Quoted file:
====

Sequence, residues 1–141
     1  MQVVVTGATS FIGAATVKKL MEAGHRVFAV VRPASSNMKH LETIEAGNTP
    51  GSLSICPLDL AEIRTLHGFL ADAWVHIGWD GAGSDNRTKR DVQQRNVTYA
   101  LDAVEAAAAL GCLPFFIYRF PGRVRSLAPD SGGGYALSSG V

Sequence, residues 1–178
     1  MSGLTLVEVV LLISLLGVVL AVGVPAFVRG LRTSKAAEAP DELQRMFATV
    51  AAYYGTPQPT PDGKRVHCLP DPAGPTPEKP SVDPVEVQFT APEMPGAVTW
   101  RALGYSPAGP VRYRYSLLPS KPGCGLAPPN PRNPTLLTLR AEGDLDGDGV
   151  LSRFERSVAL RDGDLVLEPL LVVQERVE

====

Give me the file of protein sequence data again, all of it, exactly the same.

Sequence, residues 1–141
     1  MQVVVTGATS FIGAATVKKL MEAGHRVFAV VRPASSNMKH LETIEAGNTP
    51  GSLSICPLDL AEIRTLHGFL ADAWVHIGWD GAGSDNRTKR DVQQRNVTYA
   101  LDAVEAAAAL GCLPFFIYRF PGRVRSLAPD SGGGYALSSG V

Sequence, residues 1–178
     1  MSGLTLVEVV LLISLLGVVL AVGVPAFVRG LRTSKAAEAP DELQRMFATV
    51  AAYYGTPQPT PDGKRVHCLP DPAGPTPEKP SVDPVEVQFT APEMPGAVTW
   101  RALGYSPAGP VRYRYSLLPS KPGCGLAPPN PRNPTLLTLR AEGDLDGDGV
   151  LSRFERSVAL RDGDLVLEPL LVVQERVE